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Duncan Speakman: 'Our Broken Voice'

The Bristol-based performance artist brings his latest Subtlemob to the Edinburgh Film Festival, encouraging people to download an MP3 from his website and join the audio-led live cinematic experience

Large groups of people dancing in unison or springing up in unlikely locations kitted out in full fancy dress are commonplace since the rise and commercialisation of the Flashmob. Duncan Speakman has an antidote to these in the form of the Subtlemob and will be presenting his latest collaboratively developed piece 'Our Broken Voice' as part of this year's Edinburgh Film Festival. The Subtlemob is a collection of people who arrive in a location having downloaded an MP3 from his website and who then participate in an audio-led live cinematic experience that eschews 'spectacle' in favour of individual experience.

A narrative unfolds over headphones as the participant's subjectivity shifts between enacting moments and viewing others become part of scenes around them. 'Our Broken Voice' consists of four different tracks and therefore four potential perspectives on the story and four different sets of instructions depending on your track. Simple everyday actions take on new meaning as tableaux merge and intertwine within the carefully choreographed constellations of moments. Dazed chatted to Speakman about the subtleties of the form…

Dazed Digital: How did Subtlemobs come about?
Duncan Speakman:
I was creating another soundwalk theatre piece where the audience drift through the streets of Bristol listening to a music score. I wanted to create a world where everyday scenes seemed to repeat around the audience, so I drafted in a group of people who were willing to follow instructions on an mp3. So the audience might see someone helping someone with their shopping, and then out of the corner of their eye see the same thing happening over and over again, but by the time they'd noticed it would have stopped.

I didn't want the people creating these scenes to just be some kind of performance slaves so the instructions they got in their ears also had music and narrative mixed in. I've always been more interested in the everyday world anyway, it can be quite beautiful if you pay attention to it. This group of Subtlemobbers really enjoyed the experience so I then developed the form into a piece called 'as if it were the last time'.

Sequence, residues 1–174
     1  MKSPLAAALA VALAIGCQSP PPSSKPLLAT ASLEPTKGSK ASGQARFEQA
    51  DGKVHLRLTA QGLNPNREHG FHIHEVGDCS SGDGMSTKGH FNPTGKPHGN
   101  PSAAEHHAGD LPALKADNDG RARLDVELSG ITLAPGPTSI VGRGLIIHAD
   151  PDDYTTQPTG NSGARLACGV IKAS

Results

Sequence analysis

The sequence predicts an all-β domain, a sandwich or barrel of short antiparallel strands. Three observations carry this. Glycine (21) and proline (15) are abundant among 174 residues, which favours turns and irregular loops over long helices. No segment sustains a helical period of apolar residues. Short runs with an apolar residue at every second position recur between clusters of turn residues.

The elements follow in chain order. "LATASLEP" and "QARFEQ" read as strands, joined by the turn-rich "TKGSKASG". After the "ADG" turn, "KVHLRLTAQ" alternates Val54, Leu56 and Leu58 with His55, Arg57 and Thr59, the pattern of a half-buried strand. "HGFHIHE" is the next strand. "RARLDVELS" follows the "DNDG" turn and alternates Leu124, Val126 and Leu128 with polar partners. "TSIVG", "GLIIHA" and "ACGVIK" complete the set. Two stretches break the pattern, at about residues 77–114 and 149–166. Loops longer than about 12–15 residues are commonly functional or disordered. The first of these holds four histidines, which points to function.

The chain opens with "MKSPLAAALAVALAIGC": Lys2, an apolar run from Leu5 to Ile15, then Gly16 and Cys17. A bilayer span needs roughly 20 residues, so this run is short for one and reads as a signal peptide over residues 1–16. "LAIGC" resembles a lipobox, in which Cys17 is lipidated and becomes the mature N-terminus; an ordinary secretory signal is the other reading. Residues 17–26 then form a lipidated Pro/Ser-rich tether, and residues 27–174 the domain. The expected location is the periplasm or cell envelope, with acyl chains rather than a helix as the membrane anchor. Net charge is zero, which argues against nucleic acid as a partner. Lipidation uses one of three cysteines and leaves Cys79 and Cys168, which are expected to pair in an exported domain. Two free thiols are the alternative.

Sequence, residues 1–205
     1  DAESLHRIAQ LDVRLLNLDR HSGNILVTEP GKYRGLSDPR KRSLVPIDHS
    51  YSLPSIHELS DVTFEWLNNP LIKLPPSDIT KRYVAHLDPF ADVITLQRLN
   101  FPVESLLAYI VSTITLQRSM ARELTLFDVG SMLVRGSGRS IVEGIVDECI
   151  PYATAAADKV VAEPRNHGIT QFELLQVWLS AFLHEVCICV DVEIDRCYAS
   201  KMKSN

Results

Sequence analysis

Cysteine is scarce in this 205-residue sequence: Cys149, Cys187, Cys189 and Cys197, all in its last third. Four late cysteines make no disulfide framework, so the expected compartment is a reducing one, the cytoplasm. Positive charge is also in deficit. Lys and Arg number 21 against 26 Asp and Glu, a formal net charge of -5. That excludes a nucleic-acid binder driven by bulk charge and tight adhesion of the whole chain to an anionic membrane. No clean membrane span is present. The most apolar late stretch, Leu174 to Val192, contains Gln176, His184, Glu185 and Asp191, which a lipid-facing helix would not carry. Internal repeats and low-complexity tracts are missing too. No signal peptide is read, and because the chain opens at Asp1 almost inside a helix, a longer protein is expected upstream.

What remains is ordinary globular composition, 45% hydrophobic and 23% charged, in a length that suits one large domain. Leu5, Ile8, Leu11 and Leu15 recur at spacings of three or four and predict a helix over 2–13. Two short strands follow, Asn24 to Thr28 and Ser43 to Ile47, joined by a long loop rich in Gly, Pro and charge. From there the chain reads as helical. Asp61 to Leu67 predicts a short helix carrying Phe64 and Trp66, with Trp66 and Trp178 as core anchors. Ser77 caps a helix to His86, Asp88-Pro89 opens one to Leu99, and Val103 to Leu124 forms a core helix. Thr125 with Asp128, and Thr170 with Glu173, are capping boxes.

DD: You've been commissioned for the Edinburgh Film Festival, what's the relationship of the Subtlemob to cinema? Duncan Speakman: We think of Subtlemobs as cinema made without cameras. We have all the elements, e.g. the script, the soundtrack and the location, but the audience is in the middle of it rather than watching it play out on a screen.

DD: How do narratives emerge?
Duncan Speakman:
There is a fictional narrative that we build through the script, but there is also a narrative of experience, there is a start and an end, the world that goes on in the 30mins between them creates it's own story as well.

DD: What are the links between filmic narrative convention and your scripts?
Duncan Speakman:
The last piece took its cue from works such as 'You The Living' and 'Shortcuts', it was a series of fragmented scenes that together built a kind of portrait. In 'Our Broken Voice' we're playing more with the non-linear timelines that filmic narratives often use. The audience play out the 30mins leading up to a disastrous event that they already know is going to happen, so the tension in the narrative is created through the clock ticking down idea.